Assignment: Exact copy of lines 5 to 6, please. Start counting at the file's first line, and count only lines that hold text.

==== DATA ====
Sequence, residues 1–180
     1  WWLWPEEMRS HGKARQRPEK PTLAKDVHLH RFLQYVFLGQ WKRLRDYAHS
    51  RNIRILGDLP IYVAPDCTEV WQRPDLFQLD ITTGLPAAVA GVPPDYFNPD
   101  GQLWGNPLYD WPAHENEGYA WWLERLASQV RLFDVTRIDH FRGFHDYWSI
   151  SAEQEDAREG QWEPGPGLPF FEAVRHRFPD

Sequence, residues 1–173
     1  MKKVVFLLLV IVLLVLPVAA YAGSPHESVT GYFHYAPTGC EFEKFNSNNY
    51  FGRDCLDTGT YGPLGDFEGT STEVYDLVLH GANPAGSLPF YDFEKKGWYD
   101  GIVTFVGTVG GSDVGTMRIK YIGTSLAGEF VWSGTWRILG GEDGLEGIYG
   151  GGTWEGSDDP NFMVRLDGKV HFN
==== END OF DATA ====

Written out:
   151  SAEQEDAREG QWEPGPGLPF FEAVRHRFPD

Sequence, residues 1–173